The FCC Wants To Give Over-The-Top Devices Access To Cable Programs

By 10/29/2014
The FCC Wants To Give Over-The-Top Devices Access To Cable Programs

The FCC may soon allow Internet services to solve a major annoyance of cable subscribers. The government agency in charge of TV regulation is looking to apply similar regulations to over-the-top (OTT) digital services, a change that could allow those services to offer individual channels rather than cable-like packages.

Cable subscribers often complain about having to buy an entire package of cable channels in order to gain access to the half dozen they actually want to watch. According to FCC Chairman Tom Wheeler, the proposed regulations would give OTT services equal access to cable programming. The OTT providers, in theory, would then provide smaller packages to consumers.

Wheeler explained the logic behind the FCC’s plan in a post on the agency’s official blog:


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“In 1992 Congress realized that the then-nascent satellite industry would have a hard time competing because much cable programming was owned by cable companies who frequently kept it from competitors.  Congress mandated access to cable channels for satellite services, and competition flourished.  Today I am proposing to extend the same concept to the providers of linear, Internet-based services; to encourage new video alternatives by opening up access to content previously locked on cable channels.  What could these over-the-top video providers (OTTs) supply to consumers?  Many different kinds of multichannel video packages designed for different tastes and preferences.  A better ability for a consumer to order the channels he or she wants to watch.”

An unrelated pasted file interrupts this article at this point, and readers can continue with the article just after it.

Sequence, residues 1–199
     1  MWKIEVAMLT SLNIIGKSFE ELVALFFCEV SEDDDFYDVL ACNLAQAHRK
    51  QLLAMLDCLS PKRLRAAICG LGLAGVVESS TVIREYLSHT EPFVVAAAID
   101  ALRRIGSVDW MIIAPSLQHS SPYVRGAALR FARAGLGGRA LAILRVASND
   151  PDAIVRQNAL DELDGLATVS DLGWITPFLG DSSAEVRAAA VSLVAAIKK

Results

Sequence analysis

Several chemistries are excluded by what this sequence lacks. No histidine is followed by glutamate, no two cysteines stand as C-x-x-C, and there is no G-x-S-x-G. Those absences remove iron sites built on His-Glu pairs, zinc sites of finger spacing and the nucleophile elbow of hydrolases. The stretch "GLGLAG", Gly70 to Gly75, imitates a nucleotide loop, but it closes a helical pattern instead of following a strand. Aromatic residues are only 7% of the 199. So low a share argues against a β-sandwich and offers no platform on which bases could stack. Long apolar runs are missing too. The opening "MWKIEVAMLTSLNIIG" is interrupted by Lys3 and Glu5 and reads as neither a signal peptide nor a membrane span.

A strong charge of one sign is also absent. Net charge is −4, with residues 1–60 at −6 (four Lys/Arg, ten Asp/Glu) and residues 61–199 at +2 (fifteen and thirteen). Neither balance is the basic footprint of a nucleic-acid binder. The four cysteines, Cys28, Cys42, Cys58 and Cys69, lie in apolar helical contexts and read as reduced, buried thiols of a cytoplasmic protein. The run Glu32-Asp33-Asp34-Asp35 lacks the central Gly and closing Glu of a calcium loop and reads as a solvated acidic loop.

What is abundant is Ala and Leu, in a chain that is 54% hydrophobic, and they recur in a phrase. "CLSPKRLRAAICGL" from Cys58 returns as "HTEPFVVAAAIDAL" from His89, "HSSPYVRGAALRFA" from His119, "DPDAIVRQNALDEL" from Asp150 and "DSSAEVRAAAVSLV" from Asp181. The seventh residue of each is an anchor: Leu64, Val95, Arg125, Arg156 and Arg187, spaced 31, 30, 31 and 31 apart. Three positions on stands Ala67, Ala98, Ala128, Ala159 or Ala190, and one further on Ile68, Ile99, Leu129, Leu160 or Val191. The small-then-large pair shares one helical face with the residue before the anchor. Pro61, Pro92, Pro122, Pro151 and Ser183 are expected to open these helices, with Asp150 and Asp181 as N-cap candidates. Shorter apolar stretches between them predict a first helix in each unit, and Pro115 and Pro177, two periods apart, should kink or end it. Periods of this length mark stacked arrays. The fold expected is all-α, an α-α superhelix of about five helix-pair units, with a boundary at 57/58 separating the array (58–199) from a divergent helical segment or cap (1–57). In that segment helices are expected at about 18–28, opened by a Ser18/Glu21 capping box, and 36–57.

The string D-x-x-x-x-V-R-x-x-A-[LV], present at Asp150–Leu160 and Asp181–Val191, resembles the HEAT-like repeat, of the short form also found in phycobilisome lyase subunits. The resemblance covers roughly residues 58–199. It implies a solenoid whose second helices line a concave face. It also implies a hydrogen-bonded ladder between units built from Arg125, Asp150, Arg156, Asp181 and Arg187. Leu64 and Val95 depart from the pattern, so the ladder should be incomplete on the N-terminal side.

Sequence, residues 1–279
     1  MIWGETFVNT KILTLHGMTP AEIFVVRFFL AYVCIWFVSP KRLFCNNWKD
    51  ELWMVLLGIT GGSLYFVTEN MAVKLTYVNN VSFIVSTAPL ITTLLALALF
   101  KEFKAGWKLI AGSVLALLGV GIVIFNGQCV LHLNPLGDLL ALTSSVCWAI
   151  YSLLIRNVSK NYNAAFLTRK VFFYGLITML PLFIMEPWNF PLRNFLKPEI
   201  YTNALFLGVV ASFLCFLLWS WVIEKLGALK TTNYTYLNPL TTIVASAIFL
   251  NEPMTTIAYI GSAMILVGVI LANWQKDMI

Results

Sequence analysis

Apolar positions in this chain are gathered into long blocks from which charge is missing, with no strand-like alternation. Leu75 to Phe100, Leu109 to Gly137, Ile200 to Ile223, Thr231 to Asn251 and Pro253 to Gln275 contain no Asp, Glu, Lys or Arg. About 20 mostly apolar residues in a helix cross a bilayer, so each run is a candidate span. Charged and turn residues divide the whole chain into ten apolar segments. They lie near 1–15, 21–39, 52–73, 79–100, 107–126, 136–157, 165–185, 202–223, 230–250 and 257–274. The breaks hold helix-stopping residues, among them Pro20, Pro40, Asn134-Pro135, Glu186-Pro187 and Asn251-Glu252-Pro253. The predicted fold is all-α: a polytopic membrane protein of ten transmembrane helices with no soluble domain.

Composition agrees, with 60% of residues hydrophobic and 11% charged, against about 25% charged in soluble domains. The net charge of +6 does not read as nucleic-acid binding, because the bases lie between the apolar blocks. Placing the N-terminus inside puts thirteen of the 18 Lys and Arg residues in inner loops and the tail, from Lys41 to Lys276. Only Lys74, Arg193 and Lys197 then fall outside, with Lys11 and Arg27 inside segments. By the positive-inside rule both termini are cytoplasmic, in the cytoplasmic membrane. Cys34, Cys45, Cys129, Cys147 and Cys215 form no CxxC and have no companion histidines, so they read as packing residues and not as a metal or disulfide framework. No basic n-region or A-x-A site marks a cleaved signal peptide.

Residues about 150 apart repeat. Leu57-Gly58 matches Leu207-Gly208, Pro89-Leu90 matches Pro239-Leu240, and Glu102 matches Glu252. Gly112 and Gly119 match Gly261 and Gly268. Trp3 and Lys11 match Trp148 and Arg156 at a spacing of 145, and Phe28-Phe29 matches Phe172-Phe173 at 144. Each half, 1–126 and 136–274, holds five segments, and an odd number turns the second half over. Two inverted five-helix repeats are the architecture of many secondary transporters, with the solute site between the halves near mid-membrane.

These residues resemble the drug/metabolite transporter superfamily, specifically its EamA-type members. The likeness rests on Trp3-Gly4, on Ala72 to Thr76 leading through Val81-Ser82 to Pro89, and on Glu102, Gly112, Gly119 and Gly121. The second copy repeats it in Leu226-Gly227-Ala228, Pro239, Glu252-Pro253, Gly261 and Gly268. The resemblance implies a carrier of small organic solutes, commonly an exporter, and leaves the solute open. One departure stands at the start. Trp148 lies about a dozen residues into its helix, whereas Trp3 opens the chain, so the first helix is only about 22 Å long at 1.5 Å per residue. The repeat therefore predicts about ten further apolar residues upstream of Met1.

This change would be particularly relevant as major communications companies look to launch their own OTT services. Wheeler mentioned Sony, HBO, and CBS among the list of players who could benefit from the FCC’s proposed regulations. All of those companies have plans to launch digital services that will not be restricted to cable TV subscribers.

A report by the New York Times claims these changes are “months, if not more than a year, away,” but if they are put into effect, they could open up a plethora of new options for online TV services.

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